Lewis Hamilton says he expects to be told he cannot wear a T-shirt bearing anti-racism messages on the podium.
At the last race in Tuscany Hamilton wore a T-shirt referencing the killing of Breonna Taylor by US police.
But governing body the FIA is set to publish a ruling saying the podium should be preserved as a neutral space.
Hamilton said at the Russian Grand Prix: “I did something that has never really happened in F1 and obviously they will stop it moving forwards.”
The FIA is expected to issue what it regards as a clarification of a long-time convention after the drivers are informed of its position at their briefing after Friday practice.
It is expected to say that drivers can continue to wear T-shirts supporting anti-racism before the race and during the pre-race demonstration, but that on the podium only their race suits will be allowed.
Hamilton’s T-shirt at Mugello said: “Arrest the cops who killed Breonna Taylor.”
Taylor was a black woman shot multiple times as officers stormed her home in Louisville, Kentucky, in March. The case is one of a number that has been at the centre of civil rights protests in the US.
On Wednesday, authorities in the US decided not to charge any of the police officers involved with her killing, a decision that led to sports stars across the world, including Hamilton, expressing their disappointment.
Hamilton said in Sochi on Thursday: “I don’t regret a single moment of it [his protest]. I usually follow my heart and do what I feel is right.
“People talk about sport not being a place for politics. Ultimately, it’s a human rights issue and in my opinion that is something we should be pushing towards.
“We have a huge collective group of amazing people who watch our sport from multiple different backgrounds and cultures. We should definitely be pushing positive messages towards them, especially for equality.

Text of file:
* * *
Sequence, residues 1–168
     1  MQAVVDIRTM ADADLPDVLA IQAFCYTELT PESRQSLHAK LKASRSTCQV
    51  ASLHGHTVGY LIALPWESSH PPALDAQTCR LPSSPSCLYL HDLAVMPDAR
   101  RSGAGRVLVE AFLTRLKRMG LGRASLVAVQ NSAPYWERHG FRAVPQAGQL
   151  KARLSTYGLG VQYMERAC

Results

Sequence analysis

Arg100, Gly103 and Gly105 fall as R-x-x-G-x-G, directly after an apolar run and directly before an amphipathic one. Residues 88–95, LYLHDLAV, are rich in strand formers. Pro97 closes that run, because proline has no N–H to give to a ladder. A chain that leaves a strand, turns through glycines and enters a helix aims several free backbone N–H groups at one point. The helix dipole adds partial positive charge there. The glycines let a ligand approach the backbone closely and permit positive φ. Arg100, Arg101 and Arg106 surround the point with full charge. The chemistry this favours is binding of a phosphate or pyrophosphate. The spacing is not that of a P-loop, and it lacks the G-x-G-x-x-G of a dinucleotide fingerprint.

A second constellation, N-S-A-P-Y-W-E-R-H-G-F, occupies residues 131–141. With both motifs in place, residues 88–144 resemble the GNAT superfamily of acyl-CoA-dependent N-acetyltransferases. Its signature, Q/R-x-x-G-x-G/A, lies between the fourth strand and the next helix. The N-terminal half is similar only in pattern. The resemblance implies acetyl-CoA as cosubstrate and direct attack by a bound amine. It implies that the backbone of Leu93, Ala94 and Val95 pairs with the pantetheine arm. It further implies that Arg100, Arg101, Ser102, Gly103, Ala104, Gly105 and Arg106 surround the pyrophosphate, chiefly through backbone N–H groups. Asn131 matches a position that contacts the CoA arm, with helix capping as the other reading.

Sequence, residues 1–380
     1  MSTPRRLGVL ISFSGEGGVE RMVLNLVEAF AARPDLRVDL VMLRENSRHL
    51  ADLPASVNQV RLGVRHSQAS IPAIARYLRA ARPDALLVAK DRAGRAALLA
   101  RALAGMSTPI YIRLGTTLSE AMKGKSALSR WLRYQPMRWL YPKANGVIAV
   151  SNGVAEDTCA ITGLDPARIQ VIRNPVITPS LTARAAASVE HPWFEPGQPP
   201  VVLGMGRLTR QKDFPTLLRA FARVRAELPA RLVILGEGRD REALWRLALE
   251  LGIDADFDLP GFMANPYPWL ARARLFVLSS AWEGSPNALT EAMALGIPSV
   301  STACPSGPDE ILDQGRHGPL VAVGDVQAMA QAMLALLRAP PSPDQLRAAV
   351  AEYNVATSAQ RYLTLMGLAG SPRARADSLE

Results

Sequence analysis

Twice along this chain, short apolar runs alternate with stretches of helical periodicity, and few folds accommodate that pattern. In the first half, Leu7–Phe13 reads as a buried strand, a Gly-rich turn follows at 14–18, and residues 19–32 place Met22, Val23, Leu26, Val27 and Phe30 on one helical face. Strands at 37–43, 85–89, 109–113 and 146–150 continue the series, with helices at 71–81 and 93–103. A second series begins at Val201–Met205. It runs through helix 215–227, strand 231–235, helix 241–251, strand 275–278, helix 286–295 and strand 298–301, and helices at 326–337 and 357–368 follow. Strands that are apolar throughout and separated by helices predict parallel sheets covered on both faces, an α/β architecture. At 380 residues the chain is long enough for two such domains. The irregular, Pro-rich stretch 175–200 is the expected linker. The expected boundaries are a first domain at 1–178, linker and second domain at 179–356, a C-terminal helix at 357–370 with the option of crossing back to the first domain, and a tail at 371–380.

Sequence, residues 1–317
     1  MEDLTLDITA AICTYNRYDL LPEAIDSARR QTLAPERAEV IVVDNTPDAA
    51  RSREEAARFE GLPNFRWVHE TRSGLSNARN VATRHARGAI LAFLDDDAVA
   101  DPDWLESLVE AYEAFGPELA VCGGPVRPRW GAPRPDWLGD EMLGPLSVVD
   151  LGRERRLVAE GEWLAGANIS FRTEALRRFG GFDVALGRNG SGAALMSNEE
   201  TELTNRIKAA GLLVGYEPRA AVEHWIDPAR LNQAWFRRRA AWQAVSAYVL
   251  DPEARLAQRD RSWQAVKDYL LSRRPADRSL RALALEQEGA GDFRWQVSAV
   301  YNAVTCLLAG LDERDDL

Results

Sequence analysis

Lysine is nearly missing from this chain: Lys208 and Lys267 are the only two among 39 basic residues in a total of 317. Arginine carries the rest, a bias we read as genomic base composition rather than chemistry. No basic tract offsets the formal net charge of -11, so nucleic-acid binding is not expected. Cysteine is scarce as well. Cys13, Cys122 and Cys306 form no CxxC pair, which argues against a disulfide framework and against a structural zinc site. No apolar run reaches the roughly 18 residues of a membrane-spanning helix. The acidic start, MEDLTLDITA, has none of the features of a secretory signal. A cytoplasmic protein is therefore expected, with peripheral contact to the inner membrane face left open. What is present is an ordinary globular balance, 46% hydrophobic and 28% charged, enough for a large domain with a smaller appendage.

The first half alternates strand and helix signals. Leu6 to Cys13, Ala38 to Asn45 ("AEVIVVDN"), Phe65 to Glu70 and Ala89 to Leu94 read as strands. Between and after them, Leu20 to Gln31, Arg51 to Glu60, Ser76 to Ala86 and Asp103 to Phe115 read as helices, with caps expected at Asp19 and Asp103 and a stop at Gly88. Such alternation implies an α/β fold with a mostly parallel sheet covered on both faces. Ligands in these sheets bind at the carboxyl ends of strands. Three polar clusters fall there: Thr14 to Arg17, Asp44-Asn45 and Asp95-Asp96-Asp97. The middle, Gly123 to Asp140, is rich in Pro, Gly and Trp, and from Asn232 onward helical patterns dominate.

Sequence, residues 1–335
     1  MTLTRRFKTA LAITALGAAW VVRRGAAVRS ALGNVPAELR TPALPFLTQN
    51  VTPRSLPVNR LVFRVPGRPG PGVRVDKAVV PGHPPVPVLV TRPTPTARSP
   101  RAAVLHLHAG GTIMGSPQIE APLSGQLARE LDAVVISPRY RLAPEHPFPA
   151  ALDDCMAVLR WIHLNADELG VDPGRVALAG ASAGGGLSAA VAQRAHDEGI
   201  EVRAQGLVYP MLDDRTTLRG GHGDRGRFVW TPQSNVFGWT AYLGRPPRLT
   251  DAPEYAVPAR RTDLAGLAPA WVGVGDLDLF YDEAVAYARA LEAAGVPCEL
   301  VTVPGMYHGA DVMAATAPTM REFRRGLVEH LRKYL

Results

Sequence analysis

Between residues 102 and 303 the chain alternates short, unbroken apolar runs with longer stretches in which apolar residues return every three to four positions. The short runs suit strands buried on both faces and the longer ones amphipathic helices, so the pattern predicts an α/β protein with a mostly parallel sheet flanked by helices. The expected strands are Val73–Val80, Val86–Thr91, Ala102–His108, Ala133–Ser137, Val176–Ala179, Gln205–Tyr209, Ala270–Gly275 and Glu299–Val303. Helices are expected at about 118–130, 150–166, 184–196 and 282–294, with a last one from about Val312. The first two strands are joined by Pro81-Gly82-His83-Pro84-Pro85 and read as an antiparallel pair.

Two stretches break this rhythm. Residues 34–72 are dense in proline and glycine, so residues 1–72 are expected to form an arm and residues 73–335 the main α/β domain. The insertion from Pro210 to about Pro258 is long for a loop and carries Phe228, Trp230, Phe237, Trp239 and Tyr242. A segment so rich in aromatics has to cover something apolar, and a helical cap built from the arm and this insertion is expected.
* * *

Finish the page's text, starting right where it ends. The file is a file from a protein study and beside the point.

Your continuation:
“We push towards road safety and you could say that is human rights. I don’t know what they are going to do this weekend.
“But lots of rules have been written for me over the years and that hasn’t stopped me. What I will do is continue to work with F1 and the FIA to make sure the messaging is right. It could always be better but that’s part of the learning curve.”
Hamilton said he “hoped” the FIA understood the seriousness of the situation involving discrimination against non-white people in society and the lack of diversity in motorsport.
He added: “As a business and organisation they have certain limits they feel they have to work within. They are trying to make everyone happy and do the right thing.
“This is a learning process for everyone. People have been happy with the norm here of how life and society has operated but ultimately the world and the younger generation are more conscious that things aren’t equal and change is needed.
“It does take conversations with people and things like Mugello happening for people to spark a conversation that perhaps would never have taken place if it didn’t happen.
“I haven’t spoken to them but I heard tomorrow [Friday] they will come out with a new ruling saying what you can and cannot do.
“I will try to continue to work with them. Whether I agree or disagree is irrelevant, it is trying to find a common ground in how we can do it together maybe.
"Do I believe they fully understand? I don’t know. But perhaps in the future we all will to the same extent.”